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When's the 2016 exam? Wednesday 8th June, am.

Sunday, 19 April 2015

LIBEL LAW Sky's the limit as Scientology wins 2nd UK battle


2013 LIBEL REFORMS UNDONE BY NOT APPLYING IN NORTHERN IRELAND?
IN A NUTSHELL: The Church of Scientology has successfully used libel law, reformed in England, Scotland and Wales but not Northern Ireland, to intimidate Sky, who opted to abandon a broadcast of a film critical of the 'church' rather than face expensive legal proceedings. They don't have the technical ability to separate the signal to ensure the film wouldn't be broadcast in Northern Ireland, so the 2013 libel reforms, designed to stop 'libel tourism' and abuses of super-injunctions by the likes of Trafigura, seem to have been rendered null.Another good example of why we need to look beyond the formal regulators to laws as well.


In its goal of preventing a broadcast of Going Clear in the UK, the church has an unlikely ally in Northern Ireland’s libel laws. The 2013 Defamation Act set out a new defence for public-interest journalism on the British mainland: that the plaintiff has to show “serious harm” has been done to it. 

However, the act has not been made law in Northern Ireland, and Sky Atlantic – which has the UK rights to broadcast the film – cannot cut off the province from its satellite transmissions for this single show.

Thanks to the messy way in which 'UK' law is handled in the post-devolution era, the failure of Northern Ireland to pass an equivalent of the 2013 Defamation Act (meant to tackle 'libel tourism') looks like undermining the act.

Having already successfully pressured UK publishers to abandon plans to publish a book allegedly exposing abusive practices within the 'church' (a status denied it in Germany where it's legally a cult not a religion), now a documentary film based in the film faces the same fate.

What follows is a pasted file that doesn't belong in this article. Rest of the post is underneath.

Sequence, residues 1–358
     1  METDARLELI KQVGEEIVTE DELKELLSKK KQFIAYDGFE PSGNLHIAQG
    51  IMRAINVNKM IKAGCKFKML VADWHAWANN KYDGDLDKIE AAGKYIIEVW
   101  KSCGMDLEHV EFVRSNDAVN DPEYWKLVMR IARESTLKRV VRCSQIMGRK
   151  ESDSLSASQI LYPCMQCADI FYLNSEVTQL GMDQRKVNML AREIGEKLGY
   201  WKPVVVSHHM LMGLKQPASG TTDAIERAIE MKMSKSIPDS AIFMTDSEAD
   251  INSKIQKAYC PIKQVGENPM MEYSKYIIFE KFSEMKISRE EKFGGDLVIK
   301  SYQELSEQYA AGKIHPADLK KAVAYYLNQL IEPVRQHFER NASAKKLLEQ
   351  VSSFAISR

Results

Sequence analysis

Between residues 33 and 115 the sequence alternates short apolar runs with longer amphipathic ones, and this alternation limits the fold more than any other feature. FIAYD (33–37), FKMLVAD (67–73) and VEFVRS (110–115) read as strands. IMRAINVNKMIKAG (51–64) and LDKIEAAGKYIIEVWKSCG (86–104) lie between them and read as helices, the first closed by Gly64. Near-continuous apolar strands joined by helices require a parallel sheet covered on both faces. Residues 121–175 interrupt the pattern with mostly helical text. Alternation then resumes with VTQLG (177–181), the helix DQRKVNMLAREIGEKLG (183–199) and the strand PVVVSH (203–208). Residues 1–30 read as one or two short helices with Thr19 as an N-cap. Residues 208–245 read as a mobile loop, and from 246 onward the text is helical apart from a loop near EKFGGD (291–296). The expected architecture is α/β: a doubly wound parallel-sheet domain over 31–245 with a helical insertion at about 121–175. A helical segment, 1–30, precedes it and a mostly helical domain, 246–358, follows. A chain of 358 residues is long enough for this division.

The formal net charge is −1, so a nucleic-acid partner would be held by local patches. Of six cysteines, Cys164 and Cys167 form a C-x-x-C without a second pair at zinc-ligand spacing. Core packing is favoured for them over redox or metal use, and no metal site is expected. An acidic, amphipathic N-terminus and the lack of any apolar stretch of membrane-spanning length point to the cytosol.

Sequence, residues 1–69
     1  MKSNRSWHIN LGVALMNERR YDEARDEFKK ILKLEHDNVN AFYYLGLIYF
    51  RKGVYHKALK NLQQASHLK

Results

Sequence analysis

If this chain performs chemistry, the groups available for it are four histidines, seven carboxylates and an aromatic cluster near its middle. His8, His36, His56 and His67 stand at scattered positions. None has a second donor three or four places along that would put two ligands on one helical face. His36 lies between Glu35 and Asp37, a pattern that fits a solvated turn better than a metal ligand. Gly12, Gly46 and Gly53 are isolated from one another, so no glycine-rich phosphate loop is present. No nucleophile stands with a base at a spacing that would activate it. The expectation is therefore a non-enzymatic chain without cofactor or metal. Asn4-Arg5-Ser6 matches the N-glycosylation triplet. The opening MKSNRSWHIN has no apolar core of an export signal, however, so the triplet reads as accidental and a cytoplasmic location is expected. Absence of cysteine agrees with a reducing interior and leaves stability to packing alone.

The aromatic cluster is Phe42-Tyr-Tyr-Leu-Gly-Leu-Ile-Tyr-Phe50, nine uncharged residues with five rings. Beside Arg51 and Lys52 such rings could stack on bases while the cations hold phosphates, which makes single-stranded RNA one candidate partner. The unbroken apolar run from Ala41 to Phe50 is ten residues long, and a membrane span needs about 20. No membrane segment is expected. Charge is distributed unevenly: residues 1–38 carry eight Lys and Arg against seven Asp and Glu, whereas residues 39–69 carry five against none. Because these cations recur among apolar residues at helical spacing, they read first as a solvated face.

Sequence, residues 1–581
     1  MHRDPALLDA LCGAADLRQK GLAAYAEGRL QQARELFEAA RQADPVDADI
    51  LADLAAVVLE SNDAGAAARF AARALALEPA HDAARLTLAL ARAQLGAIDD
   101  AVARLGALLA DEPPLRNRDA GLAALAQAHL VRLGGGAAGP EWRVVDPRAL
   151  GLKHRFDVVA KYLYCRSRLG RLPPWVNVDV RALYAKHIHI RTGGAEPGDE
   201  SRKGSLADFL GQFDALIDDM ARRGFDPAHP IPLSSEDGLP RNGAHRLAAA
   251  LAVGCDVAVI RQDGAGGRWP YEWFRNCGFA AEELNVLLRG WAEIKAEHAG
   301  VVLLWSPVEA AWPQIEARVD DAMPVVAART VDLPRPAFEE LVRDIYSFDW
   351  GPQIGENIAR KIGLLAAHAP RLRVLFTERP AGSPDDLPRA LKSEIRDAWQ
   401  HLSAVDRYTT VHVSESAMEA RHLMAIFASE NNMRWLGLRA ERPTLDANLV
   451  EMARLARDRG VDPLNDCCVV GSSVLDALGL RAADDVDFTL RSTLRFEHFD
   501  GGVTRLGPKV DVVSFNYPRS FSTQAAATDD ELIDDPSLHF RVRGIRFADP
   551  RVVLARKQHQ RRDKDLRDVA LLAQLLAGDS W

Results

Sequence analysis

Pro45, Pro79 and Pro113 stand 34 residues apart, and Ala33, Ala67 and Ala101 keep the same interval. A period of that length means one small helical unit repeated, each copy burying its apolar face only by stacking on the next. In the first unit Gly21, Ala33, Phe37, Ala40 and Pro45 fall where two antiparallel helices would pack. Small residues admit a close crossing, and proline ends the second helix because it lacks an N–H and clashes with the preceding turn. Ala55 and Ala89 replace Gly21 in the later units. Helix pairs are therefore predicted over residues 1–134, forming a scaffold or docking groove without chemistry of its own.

Broadcast in the US, Sky Atlantic have cancelled a planned screening due to the likelihood of facing an expensive libel suit. They can't control their signal to the extent of separating the signal to Northern Ireland so effectively have lost the protection of the 2013 Act.

The sheer cost of legal defences ensures that well-funded businesses and other organisations are often able to censor the media. Local newspapers and the press generally, struggling for survival as circulation and ad revenue simultaneously collapse, frequently cave to the threat of lawsuits they can ill afford to defend regardless of how strong or weak the case is. The Guardian has shown exceptional determination to stand up to such bullying, but the ultimate success of their legal cases against Trafigura and the UK government (seeking to block release of Prince Charles' possibly unconstitutional 'spider' letters) puts the organisation at risk of bankruptcy.

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